but I like to call it
the likes of e.e. cummings and William Faulkner,
I remember when I screamed and got sent to timeout
because I wasn’t allowed to end my story with a cliffhanger
but instead was forced to write
“And that was what I did over the weekend”
in big ugly reluctant letters
at the bottom of the wide-ruled notebook page.
Writing a story
is like making a wrap.
You need a conclusion
to roll it all up.
but what if I want
an open-faced burrito
with all the fillings
spilling out from over the sides?
and what if I want
to pick out the shredded-lettuce transition words
of “therefore” and “in conclusion”
and the diced-tomato topic sentences
and must-be-three-paragraph rules,
because I don’t like my vegetables,
especially not the stale and soggy ones
that we must use in every wrap?
There’s only one way
to make a wrap.
If you look at the rubric,
it tells you what to write,
and how to write it.
but the rubric says to “express myself,”
and how do I do that,
how do I become Dickens and Tolstoy
with their two-hundred-word-long sentences
when run-on phrases are the equivalents
of rotten chicken and moldy cheese?
They can break the rules
because they’re very good.
but what if I want
to be just like them,
do I have to fold my burritos
by the only recipe that the
writing rubric gives me?
Yes. Because you’re just learning and
you’re not very good yet.
but when can I be
good enough to
try a different flavor?
I don’t know, but it’s
certainly not today.
and the little wooden craft stick
with my name on it
gets moved from the green jar to the yellow jar
for bad behavior.
I keep quiet, because
even eating the same stale burrito
every day of second grade
is better than the red jar.
it’s a familiar smell,
the sharp sobering scent
of mucus and tears
mingling like lost friends,
an amalgam of agony.
it’s a familiar taste,
the brackish bitterness
of each tear as it
traces its zigzag
path down my cheek.
it’s a familiar sound,
the gasping and the choking,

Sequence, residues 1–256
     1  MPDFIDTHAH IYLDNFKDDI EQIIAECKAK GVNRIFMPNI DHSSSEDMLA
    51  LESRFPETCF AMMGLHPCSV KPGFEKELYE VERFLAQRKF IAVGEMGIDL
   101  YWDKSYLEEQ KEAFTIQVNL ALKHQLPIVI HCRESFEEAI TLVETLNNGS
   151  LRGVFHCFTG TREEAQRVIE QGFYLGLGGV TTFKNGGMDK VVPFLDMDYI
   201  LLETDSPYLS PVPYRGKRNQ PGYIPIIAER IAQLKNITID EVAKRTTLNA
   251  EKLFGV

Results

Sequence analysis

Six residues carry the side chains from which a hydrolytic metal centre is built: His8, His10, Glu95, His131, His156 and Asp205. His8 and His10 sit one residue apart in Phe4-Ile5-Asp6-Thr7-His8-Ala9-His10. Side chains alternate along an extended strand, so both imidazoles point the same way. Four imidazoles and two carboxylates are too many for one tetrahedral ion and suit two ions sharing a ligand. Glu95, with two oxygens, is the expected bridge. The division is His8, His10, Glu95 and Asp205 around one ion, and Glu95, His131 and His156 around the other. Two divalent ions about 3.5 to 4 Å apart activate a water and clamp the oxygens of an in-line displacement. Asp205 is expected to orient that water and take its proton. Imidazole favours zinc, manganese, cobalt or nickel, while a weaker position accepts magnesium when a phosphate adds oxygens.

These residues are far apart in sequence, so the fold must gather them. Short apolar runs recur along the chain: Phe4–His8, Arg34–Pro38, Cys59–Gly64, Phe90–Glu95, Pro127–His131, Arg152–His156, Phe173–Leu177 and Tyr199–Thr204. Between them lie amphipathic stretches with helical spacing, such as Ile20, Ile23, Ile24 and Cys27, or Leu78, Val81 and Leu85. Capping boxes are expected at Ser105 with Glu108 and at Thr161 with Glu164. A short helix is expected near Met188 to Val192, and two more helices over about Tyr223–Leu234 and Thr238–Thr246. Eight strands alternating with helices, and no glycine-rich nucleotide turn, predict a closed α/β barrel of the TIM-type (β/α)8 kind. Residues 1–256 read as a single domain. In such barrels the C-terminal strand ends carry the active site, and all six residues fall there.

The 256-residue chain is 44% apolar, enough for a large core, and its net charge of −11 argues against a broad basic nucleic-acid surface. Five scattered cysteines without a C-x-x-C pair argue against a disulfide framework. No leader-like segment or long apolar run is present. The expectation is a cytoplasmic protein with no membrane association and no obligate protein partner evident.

the strangled, mournful cries,
desperate palpitating of
my frantic heaving heart.
it’s a familiar thought,
tell myself it doesn’t matter,
tell myself to calm down.
slow quivering breaths;
succumb to the silence.
it’s a familiar feeling,
the hollowness, the emptiness,
the comfort of nothing,
that when it isn’t barren,
when a touch of
perceivable emotion is there,
it doesn’t feel right.
it’s too full,
brimming at the edges
and threatening to spill over.
so I push it away,
relish in the
as it eats away at me,
little is left.
it’s a familiar feeling…
she stood barefoot;
flexing her pygmy toes in
peeking through tufts of
pink faux-down fur.
(chin up, close
her eyes, because
what wouldn't she
do to grow up.)
she stood barefoot,
flexing her calloused feet atop
her daughter's battered
mildew grey skin
nestled in the knots of
frayed purple shoelaces.
(chin tucked, close
her eyes, because
she'd do anything
to go back.)
not a love story
the north and
south magnetic poles.
arms around me,
slowly draw me
close, like two
lean into your
tilt just to
crisp white linen.
an instant and
why didn’t you
lips on mine,
breath from the
tip of my
life from me?
other, devour the
moment like a
was nothing but
a touch of two
misshapen nodules of
swollen pink flesh
and the hot
sour coffee breath.
I still remember
the taste of his lips,
white birch bark
she was bright carmine,
the kind that makes
you stop and look and
turn and think-
this is pure,
this is vibrant,
this is emotion;
the color of
her heart, all
passion bleeding through.
maybe it wasn’t
crimson, but it
deep and true and
real and right.
the color of
her heart- not
the crimson inside but
just the outside,
the shell of
who she was.
she was slowly
fading into labels of
pink and flowery and
fragile and girl;
she took her crimson and
her carmine and
her red and
made it what
they wanted to see,
sliding into the
niche they had
set for her.
she changed not
only her color but
her title too; sacrificed
her identity for
a crayon color,
the kind that comes
in every Crayola
she couldn’t be
exquisite carnation, so
she chose the commoners’
but pale and limp and
wilted at the edges;
let her petals
he loves me, he
loves me not.
she was eroding away
at what little
was left of
her color, as if
she was cool
grey now, wispy
ghost-like wraiths of
bleached like a
with a kind of
faded, dusty elegance,
like a jewel, tarnished
with time, a
girl who had
lost her luster
message in a bottle
we’re just sailboats, aren’t we,
two rickety brown dots
lost in the vast blue,
the edge and
our love is just
a message in a bottle, isn’t it,
one bobbing speck
like the birds do,
the only one
in the end, we
were just pollution, weren’t we,
salt-tainted spatters of parchment,
no light illuminates
when I wrote,